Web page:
How to Use Feedback to Improve Performance

Posted on: March 4th, 2019 by Intern | No Comments

Remember playing “Marco Polo” in the pool as a kid?  You were paddling aimlessly in the dark until you heard your buddy call out “Marco- Polo” to orient you to the direction you should swim to tag your friend.  Without feedback, you’re swimming blind. At best, you’ll accidentally reach your goal. At worst, you’ll wander aimlessly through the dark, never hitting your target.
Providing effective feedback to employees based on progress towards their goals is the most effective approach to improving employee performance. People need to know in a timely manner how they’re doing, what’s working, and what’s not.   According to the government Office of Personnel Management Effective feedback requires the following elements:

Feedback works best when it relates to a specific goal. Establishing employee performance expectations and goals before work begins is the key to providing tangible, objective, and powerful feedback. Telling employees that they are doing well because they exceeded their goal by 10% is more effective than simply saying “you’re doing a good job.”



Employees should receive information about how they’re doing as timely as possible. If improvement needs to be made in their performance, the sooner they find out about it the sooner they can correct the problem. If employees have reached or exceeded a goal, the sooner they receive positive feedback, the more rewarding it is to them.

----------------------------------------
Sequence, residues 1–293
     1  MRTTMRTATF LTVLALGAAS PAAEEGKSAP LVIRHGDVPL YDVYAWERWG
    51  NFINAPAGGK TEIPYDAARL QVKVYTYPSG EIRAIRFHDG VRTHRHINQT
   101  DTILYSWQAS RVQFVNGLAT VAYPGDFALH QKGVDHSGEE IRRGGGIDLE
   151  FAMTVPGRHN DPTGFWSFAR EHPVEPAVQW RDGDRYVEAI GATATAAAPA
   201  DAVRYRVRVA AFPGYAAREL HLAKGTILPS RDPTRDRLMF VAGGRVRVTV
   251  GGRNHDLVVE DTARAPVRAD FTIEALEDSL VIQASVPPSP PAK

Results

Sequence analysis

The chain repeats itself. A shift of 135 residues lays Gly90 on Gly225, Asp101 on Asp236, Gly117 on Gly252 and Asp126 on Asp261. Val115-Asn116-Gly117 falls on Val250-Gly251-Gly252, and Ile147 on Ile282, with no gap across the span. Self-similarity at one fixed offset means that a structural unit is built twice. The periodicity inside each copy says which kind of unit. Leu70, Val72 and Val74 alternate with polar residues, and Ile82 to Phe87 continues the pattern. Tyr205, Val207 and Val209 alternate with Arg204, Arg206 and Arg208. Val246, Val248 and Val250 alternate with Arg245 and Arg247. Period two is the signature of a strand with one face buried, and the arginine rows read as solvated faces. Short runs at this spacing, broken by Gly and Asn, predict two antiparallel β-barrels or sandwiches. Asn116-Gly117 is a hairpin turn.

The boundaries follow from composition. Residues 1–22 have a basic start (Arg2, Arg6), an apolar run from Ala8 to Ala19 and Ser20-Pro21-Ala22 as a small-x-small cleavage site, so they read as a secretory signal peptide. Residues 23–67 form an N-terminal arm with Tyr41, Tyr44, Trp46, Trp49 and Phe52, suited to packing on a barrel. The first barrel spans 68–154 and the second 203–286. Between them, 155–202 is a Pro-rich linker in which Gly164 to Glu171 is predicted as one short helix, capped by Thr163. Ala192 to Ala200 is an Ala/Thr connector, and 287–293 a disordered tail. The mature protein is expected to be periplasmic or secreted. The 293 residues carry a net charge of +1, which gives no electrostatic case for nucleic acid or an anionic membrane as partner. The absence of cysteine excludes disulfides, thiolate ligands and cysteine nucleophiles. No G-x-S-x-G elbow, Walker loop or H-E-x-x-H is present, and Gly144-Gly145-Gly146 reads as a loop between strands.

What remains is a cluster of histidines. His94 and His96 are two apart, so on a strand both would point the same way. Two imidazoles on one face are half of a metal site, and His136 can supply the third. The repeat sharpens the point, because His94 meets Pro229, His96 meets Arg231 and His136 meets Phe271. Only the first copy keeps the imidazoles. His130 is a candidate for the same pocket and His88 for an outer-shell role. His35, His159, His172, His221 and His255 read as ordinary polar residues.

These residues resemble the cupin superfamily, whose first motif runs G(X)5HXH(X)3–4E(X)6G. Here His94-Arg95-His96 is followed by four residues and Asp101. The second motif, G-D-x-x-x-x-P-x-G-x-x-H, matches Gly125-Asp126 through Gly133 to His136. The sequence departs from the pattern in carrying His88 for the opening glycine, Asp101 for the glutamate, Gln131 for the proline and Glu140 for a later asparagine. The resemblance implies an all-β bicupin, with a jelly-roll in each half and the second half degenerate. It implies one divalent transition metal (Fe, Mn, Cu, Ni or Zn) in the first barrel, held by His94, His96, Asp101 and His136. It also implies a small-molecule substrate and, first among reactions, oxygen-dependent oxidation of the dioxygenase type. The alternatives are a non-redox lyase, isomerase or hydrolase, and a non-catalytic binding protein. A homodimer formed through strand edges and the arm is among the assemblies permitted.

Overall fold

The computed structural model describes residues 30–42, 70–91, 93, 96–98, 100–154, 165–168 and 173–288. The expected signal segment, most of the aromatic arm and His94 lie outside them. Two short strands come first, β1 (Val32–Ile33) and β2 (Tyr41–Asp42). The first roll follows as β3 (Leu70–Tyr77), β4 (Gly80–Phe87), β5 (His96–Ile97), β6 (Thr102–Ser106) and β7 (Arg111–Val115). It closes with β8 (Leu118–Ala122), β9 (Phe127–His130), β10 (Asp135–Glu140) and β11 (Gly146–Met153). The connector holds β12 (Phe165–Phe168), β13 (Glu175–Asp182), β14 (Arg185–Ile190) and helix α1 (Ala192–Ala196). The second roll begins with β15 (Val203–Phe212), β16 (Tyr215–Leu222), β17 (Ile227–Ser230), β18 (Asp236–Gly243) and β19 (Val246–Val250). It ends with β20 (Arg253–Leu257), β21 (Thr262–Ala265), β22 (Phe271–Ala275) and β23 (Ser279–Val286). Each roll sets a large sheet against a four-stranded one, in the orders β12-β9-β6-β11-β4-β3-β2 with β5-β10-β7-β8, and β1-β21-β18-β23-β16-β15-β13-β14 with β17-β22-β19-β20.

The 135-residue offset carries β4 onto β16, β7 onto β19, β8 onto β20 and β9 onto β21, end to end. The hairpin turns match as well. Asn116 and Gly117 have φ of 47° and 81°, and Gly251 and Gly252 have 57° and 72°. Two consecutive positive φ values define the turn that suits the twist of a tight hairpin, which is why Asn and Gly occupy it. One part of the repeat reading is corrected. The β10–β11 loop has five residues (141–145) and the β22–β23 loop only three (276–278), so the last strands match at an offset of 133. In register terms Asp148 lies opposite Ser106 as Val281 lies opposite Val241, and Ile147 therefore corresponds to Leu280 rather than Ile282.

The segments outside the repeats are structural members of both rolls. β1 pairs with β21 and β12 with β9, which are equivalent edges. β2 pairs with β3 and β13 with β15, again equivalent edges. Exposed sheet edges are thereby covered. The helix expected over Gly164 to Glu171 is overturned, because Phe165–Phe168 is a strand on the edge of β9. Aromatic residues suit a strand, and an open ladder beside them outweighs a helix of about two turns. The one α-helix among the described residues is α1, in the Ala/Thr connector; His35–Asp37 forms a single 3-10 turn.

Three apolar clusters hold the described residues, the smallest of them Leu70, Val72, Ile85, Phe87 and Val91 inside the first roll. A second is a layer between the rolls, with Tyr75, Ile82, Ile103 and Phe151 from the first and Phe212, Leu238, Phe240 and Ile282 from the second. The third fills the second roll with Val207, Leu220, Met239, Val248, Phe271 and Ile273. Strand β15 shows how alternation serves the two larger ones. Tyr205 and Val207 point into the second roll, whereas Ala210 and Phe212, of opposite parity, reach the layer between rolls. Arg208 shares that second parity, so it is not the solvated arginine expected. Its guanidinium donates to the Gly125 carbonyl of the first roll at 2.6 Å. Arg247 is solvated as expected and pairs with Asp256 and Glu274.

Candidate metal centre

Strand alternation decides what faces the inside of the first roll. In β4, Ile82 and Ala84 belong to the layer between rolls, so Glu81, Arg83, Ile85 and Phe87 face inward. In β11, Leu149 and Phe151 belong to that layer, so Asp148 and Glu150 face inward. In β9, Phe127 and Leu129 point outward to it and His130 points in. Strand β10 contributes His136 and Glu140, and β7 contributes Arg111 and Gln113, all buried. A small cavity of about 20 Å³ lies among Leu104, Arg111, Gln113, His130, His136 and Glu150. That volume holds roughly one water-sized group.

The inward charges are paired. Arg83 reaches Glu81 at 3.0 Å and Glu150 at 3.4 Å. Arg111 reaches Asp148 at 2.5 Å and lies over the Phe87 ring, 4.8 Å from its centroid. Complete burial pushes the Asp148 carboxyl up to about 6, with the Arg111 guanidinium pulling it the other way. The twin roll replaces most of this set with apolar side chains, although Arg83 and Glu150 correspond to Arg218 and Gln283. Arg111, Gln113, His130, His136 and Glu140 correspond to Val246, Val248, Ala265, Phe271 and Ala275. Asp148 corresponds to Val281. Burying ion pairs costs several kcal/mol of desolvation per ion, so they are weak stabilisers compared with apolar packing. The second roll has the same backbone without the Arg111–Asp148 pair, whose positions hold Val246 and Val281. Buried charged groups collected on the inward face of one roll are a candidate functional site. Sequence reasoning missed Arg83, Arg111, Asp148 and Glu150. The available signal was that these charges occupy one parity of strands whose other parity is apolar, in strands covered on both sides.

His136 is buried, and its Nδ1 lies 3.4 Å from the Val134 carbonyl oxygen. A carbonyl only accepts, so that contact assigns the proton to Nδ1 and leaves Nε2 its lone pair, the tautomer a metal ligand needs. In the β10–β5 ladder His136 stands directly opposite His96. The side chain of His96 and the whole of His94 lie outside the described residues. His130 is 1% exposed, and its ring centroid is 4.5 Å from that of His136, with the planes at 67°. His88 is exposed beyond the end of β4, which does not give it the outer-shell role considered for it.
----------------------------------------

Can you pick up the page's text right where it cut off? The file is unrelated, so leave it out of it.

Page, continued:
Feedback should be given in a manner that will best help improve performance. Since people respond better to information presented in a positive way, feedback should be expressed in a positive manner. This is not to say that information should be sugar-coated. It must be accurate, factual, and complete. When presented, however, feedback is more effective when it reinforces what the employee did right and then identifies what needs to be done in the future. Constant criticism eventually will fall upon deaf ears. (Excerpt from-

Consistency- If we provide feedback on week 1 to the employee regarding an area that needs improvement, and the improvement doesn’t change, yet we say nothing in response to the shortcoming in week 2, you may as well have told the employee that the goal you are working towards is no longer relevant.  We need to be consistent in the message to drive the point home.  Your consistent feedback provides predictability which believe it or not alleviates stress for your employees.  The consistent message shows that  you are a reliable, trusted, and dependable leader that can be counted on to shine the light on the key priorities and are best positioned to help them succeed.


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